Economy

Trump’s Interior pick could signal revival of Northwest coal export terminal

Montana Republican Rep. Ryan Zinke, seen at the Republican National Convention in Cleveland on July 18, has been tapped to be Interior Secretary.
Montana Republican Rep. Ryan Zinke, seen at the Republican National Convention in Cleveland on July 18, has been tapped to be Interior Secretary. Bloomberg

Donald Trump’s nomination of Montana Rep. Ryan Zinke to lead the Interior Department could signal the revival of a much-debated coal-export terminal in Northwest Washington state that’s pitted industry groups and unions against environmental and community groups, and two Indian tribes against each other.

In Congress, Zinke has been a staunch supporter of the Gateway Pacific Terminal, a $600 million facility in Whatcom County, Wash., that would export about 48 million tons a year of coal mined in western states to Pacific Rim markets.

Zinke also wants to lift a moratorium on new leases for coal extraction on federal lands, 90 percent of which takes place in the Powder River Basin in Wyoming and Montana. The Interior Department imposed the hiatus earlier this year.

The U.S. Army Corps of Engineers denied a permit for the project in May, citing its impact on the fishing rights of the Lummi Nation. Zinke has countered that Montana’s Crow tribe would benefit from the project by sending coal mined on its lands to the new terminal.

“The Gateway Pacific Terminal is incredibly important to Montana, the Crow, and even to the blue-collar workers in Washington State because it is literally the gateway to economic prosperity and rising out of poverty,” he said in May. “It’s a sad day in America when even our Army Corps of Engineers can be wooed by special interests.”

The Gateway Pacific Terminal is incredibly important to Montana, the Crow, and even to the blue collar workers in Washington State because it is literally the gateway to economic prosperity and rising out of poverty.

Rep. Ryan Zinke, R-Montana

In April, Zinke compared the Army Corps permitting process for the coal terminal to the Obama administration’s earlier rejection of the Keystone XL oil pipeline.

“Thanks to political pressure and the environmental special interests,” he said, “the Gateway Pacific Terminal is suffering the same bureaucratic death as the Keystone XL Pipeline.”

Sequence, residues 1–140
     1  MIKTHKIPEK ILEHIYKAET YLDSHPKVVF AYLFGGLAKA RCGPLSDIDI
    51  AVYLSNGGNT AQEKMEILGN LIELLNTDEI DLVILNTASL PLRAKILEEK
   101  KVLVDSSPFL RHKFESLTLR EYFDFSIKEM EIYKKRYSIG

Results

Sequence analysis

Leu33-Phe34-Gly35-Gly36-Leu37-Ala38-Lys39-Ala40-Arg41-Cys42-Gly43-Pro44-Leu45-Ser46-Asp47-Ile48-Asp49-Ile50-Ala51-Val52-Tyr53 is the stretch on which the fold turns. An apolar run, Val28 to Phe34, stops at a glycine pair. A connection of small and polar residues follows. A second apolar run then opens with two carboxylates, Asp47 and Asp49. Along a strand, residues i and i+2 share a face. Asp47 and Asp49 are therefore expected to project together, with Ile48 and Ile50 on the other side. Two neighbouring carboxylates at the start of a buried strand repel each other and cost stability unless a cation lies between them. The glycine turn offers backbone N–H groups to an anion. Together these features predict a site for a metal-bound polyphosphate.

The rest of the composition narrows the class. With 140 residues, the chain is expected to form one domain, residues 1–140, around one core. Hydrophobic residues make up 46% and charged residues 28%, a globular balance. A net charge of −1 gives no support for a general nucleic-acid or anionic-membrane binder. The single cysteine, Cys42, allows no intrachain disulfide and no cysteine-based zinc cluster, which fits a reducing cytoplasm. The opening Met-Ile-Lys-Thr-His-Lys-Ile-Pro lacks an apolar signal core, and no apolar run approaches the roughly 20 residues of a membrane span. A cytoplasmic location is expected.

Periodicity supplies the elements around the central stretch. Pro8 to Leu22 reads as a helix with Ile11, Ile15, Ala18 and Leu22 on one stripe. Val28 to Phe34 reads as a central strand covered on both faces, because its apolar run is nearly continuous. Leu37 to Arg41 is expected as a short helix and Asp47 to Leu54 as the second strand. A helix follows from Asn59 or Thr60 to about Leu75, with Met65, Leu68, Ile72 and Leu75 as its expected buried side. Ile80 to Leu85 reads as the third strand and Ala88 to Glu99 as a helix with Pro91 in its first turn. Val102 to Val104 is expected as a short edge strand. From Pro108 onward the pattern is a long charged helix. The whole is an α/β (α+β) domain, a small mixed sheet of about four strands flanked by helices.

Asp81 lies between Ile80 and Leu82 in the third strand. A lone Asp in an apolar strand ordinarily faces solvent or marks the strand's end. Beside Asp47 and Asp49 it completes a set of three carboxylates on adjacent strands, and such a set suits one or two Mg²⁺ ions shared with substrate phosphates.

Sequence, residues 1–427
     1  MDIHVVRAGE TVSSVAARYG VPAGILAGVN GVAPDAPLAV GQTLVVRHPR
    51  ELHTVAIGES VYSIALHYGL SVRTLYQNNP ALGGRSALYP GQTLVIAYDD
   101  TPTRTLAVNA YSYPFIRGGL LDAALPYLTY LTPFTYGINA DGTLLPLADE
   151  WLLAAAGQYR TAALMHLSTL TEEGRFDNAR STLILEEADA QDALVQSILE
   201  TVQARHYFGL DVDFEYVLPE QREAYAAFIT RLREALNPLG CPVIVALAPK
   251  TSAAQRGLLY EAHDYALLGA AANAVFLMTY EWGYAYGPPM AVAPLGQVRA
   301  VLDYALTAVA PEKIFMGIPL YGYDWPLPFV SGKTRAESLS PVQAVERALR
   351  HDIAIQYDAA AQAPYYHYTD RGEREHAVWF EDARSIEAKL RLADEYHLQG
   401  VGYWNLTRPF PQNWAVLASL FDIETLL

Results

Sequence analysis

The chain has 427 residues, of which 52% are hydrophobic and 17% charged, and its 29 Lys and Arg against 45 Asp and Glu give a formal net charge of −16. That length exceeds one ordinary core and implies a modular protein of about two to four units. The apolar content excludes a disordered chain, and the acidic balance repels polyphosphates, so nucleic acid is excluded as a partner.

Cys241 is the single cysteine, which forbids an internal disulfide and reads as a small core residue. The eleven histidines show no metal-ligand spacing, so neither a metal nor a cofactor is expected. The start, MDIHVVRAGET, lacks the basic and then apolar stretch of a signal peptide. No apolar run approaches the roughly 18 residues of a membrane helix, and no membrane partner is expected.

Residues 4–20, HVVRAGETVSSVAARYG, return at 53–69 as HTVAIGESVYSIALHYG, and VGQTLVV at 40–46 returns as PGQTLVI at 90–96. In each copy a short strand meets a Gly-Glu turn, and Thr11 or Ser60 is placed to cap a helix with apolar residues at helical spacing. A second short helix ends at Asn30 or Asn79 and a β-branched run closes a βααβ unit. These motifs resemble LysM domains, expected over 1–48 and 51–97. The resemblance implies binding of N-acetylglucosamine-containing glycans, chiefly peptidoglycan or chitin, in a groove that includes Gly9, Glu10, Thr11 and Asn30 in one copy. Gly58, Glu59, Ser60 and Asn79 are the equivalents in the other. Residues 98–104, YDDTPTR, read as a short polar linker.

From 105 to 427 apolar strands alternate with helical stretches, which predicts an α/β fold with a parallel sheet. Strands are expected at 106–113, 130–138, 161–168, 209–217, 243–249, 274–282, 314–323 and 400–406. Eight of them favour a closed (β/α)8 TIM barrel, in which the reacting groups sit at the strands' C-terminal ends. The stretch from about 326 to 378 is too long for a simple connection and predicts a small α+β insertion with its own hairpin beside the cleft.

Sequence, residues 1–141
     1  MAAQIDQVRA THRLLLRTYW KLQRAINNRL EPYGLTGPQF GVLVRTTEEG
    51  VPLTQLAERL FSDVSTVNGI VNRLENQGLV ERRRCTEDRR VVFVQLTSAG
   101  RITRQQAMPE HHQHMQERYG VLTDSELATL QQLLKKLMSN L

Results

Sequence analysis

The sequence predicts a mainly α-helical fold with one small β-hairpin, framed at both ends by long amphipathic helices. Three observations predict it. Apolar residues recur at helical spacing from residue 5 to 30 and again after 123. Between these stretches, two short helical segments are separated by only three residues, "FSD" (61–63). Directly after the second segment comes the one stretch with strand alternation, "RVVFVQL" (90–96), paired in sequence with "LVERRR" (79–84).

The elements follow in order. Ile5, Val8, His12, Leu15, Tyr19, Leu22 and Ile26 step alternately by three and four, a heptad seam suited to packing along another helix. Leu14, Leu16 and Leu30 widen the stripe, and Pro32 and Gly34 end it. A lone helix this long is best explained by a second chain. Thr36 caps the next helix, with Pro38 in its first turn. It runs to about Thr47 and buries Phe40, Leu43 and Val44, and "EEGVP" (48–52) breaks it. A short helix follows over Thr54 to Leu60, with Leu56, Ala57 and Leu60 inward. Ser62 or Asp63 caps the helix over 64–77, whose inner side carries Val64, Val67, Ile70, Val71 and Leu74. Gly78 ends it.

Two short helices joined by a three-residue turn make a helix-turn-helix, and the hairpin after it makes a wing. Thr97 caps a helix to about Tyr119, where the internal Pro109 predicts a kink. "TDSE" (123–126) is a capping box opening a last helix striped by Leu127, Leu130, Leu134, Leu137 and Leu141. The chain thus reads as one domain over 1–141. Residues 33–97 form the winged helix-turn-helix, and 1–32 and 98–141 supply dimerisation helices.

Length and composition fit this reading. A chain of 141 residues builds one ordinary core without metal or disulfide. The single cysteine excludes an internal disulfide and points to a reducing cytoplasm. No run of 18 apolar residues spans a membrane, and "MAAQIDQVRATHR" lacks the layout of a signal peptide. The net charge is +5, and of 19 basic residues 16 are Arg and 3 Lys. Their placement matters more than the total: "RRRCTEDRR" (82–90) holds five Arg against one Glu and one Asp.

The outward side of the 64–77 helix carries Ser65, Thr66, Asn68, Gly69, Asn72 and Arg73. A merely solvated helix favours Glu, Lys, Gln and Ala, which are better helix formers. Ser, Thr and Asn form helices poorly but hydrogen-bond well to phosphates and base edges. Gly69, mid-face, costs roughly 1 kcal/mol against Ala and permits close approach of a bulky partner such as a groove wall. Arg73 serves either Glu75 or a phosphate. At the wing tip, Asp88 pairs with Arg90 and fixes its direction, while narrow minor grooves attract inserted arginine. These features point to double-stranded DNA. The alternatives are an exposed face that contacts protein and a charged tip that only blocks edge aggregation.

Thanks to political pressure and the environmental special interests, the Gateway Pacific Terminal is suffering the same bureaucratic death as the Keystone XL Pipeline.

Rep. Ryan Zinke, R-Montana

Zinke made the project a campaign issue this year, producing a TV ad in September featuring Democratic presidential candidate Hillary Clinton’s comments that appeared to promote putting coal companies and miners out of business and tying his opponent to Clinton’s remarks.

“I always side with Montana coal country,” Zinke said in the ad. “I supported the Gateway Pacific Terminal for the Crow tribe to export their coal.”

If he’s confirmed by the Senate Energy and Natural Resources Committee, and the full Senate, Zinke would oversee the Interior Department’s Bureau of Indian Affairs.

Zinke and other Montana officials visited Northwest Washington in August 2015 and touted the Gateway Pacific project’s benefits for the Crow tribe.

The Crow tribe has a deal with Cloud Peak Energy, a coal producer that purchased a 49 percent stake in the Gateway Pacific Terminal.

The tribe has a deal with Cloud Peak Energy, a coal producer that purchased a 49 percent stake in the Gateway Pacific Terminal. Under the agreement, the company would pay the tribe $10 million up front and royalties of as much as 15 percent to mine coal on its lands.

“The Crow tribe is tired of being poor,” Zinke told the Bellingham Herald. “Their only option for jobs and to control their destiny is utilization of coal.”

But one of the leading opponents of the project was another tribe, the Lummi, whose fishing rights in Puget Sound are protected by treaty. The tribe had the backing of many environmental and community groups that opposed the project based on climate change impacts or the potential increase in the number of coal trains.

One of the leading opponents of the project was the Lummi Nation, whose fishing rights in Puget Sound are protected by treaty.

Zinke said in his 2015 visit to the region that the project would address those concerns.

“Their environmental plan is flawless,” Zinke said. “Looking at the restoration of the wetlands along the coast, their willingness to work with the local tribes to reflect their cultural history, I think is well served.”

Curtis Tate: 202-383-6018, @tatecurtis

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